Posted: March 12, 2011 in Life, writing
Tags: , , , ,

He sat at a table in the bar, a glass of white wine in his right hand, nothing particular on his mind.

The door opened, and a draft of icy air wafted through the place, pushing the warmth on tip-toes into the far reaches of the corners.  Two men followed, grating laughter blatting forth, the result of a pre-emptive drinking exercise.  He could hardly blame them.  The prices at this establishment were just a few dollars shy of obscene.

Both of the women sat at the bar, elbow-deep in excited story-telling.  The blonde glanced over at the newcomers, then quickly back at her friend.   It was too late:  one of the men, the bald one with the overhanging paunch, caught her looking.  A self-assured smile broke out, and he nudged his friend.  Nodded at them.

“Nah.  Leave them alone.  Let’s just get a spot”.  The taller one with the long dark hair started heading toward a table.

“Dude, I’m telling you – she wants me.”  He grinned again and began to make his way to the bar.  The taller one sighed and followed his friend.

The observer sat completely still.  Waiting.

“Hey ladies.  What’s happening?”   The bald guy smiled at them.

The women ignored him, continuing their now-brittle discussion.

The bald guy frowned.  Looked back at his friend.

“Hey.   You don’t have to be so rude” he said.

The dark-haired woman turned slightly in her seat.  Half looked at him.  “Sorry.  We’re not interested.”  Turned back to her friend.

The observer’s eyes glittered.  Anticipating.

“I didn’t ask if you were interested, did I?” said the bald guy, a little louder.  “I’m just making conversation.”


“You know what?  You’re both a couple of bitches”.  The man’s face was now pink.

The tall guy grabbed his arm.  “C’mon Jerry.  Let’s go sit down.”

Jerry shook his hand off.  “No man.  I don’t think there’s any need for this.  I don’t take shit from bitches.  Ever.  It isn’t right.”

The observer sat back, watching.  He could feel the saliva gathering in the back of his mouth.  His arm and leg muscles tensed.   His vision narrowed.

The man’s voice got even louder.  “But I guess bitches gotta be bitches.”  His face turned ugly with rage.  “Right, bitches?”

The bartender walked up.  “Sir, I think you’re going to have to leave.”

Jerry glared at him, fuming.  “Oh I’ll leave.  Just as soon as I get an apology from these bitches.”  Turned back to the women.   “How about it, bitches?  Hey?”

The women had stopped talking.  They weren’t looking at him.  They just sat there, rigid.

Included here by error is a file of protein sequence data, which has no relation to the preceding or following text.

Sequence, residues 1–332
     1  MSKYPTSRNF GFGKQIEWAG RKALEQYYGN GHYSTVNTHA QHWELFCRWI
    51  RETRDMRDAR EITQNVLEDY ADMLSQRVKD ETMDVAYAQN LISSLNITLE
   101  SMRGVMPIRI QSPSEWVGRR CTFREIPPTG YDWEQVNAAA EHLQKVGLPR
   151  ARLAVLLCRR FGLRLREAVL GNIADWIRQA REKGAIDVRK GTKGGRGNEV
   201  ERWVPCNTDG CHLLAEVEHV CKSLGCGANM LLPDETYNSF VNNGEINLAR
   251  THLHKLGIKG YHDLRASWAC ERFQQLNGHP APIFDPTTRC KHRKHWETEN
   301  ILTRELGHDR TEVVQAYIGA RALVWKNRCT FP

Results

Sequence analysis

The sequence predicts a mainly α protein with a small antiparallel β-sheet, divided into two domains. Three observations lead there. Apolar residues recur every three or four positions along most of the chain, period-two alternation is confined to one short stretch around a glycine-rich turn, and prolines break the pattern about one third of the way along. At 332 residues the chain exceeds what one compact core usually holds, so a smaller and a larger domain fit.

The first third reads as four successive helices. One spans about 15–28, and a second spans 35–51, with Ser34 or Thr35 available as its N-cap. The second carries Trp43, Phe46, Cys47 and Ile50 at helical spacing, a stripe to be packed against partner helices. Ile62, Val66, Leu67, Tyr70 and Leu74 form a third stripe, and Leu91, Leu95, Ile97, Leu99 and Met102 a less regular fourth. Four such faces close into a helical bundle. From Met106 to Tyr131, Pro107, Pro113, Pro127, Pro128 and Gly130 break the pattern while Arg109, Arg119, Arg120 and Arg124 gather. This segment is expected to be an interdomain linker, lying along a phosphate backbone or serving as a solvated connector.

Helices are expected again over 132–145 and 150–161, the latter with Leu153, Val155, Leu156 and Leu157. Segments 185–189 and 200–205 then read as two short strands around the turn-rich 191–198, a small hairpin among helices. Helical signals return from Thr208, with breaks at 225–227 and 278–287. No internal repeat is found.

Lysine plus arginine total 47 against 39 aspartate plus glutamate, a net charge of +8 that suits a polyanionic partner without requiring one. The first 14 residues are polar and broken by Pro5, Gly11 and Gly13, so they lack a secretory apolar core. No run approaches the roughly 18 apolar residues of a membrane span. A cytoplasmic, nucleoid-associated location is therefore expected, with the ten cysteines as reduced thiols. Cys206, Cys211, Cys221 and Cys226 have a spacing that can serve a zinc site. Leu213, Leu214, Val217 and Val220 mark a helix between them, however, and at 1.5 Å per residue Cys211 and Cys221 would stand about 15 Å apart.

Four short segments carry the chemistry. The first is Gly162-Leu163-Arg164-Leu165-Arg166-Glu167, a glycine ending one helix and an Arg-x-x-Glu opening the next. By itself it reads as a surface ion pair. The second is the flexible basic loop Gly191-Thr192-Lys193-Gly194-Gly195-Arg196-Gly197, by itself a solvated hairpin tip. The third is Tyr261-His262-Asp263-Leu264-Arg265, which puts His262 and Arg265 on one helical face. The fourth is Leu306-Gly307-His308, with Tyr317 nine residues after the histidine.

The friend spoke.  “Jerry, come on.  Let’s go.  There’s another bar down the street.”

Jerry whipped around.  Glared at his friend.  “Pete, fuck off.”  Turned back to the women.  “I asked you bitches for a fucking apology.  What’s it going to be?”

The observer stood up, scraping his chair loudly on the floor.  All of them looked at him.

He slowly sauntered to the bar, empty wine glass in his hand.  Stood between Jerry and the woman.  “I’d like another glass of wine, please.”

“Hey asshole.  You’re in my way.  We were talking.”

The observer put his hands down to his sides.  Turned and stared at the bald man.  Said nothing.

Jerry looked at him.  Huffy and upset.

The observer felt the growl, deep in his chest.  Clamped down on it.  Continued to stare at the bald man.   Every muscle was pulsing.  Ready.

A few seconds elapsed, as they stared at each other.  The bartender backed away.  Reached into his pocket.  Probably to get his cell phone.  Jerry’s eyes began to dart back and forth.  Confused.  He dropped his glance.

The observer looked at his friend.  Nodded.  The friend gave a slight nod back.

“C’mon Jerry.  Let’s go.”

Face entirely red, Jerry shrugged.  Both of them turned away.

The observer watched them leave the bar.  Felt his muscles and face relax.  He could feel his heart slowing down.

The bartender gave the observer his glass of wine.   “This one’s on the house.”

The observer nodded.   Grabbed the wine.  Turned back to go to his table.   The dark haired woman touched his arm.

“Thank you.”

The observer turned.  Smiled.  “I didn’t do anything.”


  1. Abe's Blog says:

    I am glad that the observer did not have to resort to chest bumping. Kudos to Observer for getting in there and doing the right thing. Handled quite nicely, I would say.


  2. Nicely played! Aaah, what a great little bite of a story. Of course, I was waiting for the knock out punch, but how much sweeter that he did nothing at all. Loved that! “I didn’t do anything” is such a terrible lie — I wish more people would do nothing — intervene, care, behave with class, be a REAL man — imagine if more people did nothing exactly like the observer? What a MORE wonderful world it would be.



    • wolfshades says:

      Hey gorgeous! So glad you stopped by. Without getting too dark here, I’ve witnessed scenes like this all growing up (which I think you and everyone who reads this blog knows by now). So different when you’re a scrawny little kid – from when you’re older and able to “hold water” as they say.

      And we both know of instances where otherwise good men just watched and did nothing as scenes similar to this played out. Here in Toronto, some have lost their lives because they chose to intervene. Even so, in those cases, it was still the right thing to do.

      Hopefully, those stories of unforeseen consequences won’t cause any of the rest of us to hesitate. I think we need to look at this way: if one of our own loved ones found themselves in situations like this, we’d surely want someone to step up and, as you say “be a real man”. If that’s true, then we should as well, for the other guy’s wife/sister/mother.


Leave a Reply to Carmen Lezeth Cancel reply

Fill in your details below or click an icon to log in: Logo

You are commenting using your account. Log Out /  Change )

Facebook photo

You are commenting using your Facebook account. Log Out /  Change )

Connecting to %s